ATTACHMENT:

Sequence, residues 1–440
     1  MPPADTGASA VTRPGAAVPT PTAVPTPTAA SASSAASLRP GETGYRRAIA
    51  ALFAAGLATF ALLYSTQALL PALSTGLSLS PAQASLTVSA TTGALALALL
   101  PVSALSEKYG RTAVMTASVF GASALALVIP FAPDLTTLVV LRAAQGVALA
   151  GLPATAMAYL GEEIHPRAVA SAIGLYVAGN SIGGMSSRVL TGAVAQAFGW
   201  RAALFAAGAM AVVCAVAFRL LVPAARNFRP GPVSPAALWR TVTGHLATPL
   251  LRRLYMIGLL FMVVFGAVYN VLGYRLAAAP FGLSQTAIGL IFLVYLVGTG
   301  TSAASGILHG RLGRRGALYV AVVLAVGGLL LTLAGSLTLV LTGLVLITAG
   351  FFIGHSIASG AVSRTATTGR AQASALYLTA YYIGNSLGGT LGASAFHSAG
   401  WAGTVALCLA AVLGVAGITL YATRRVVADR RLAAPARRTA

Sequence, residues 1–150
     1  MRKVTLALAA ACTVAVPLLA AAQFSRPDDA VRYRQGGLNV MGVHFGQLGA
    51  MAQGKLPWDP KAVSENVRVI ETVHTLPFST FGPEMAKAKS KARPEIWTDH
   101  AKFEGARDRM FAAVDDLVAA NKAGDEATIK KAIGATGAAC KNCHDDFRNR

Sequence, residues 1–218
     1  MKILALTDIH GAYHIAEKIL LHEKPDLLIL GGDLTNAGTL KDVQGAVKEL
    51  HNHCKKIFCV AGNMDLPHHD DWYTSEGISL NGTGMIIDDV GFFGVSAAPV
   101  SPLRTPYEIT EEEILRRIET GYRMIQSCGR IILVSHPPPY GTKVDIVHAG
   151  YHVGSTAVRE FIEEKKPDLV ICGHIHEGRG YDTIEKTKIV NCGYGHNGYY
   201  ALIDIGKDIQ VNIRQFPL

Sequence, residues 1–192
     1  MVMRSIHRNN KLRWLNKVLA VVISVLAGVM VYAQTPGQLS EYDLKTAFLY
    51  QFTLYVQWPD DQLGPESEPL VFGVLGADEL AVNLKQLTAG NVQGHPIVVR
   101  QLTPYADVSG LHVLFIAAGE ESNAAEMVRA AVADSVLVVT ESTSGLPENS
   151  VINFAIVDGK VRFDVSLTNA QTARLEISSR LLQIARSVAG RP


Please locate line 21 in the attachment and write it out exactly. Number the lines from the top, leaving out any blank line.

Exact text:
Sequence, residues 1–192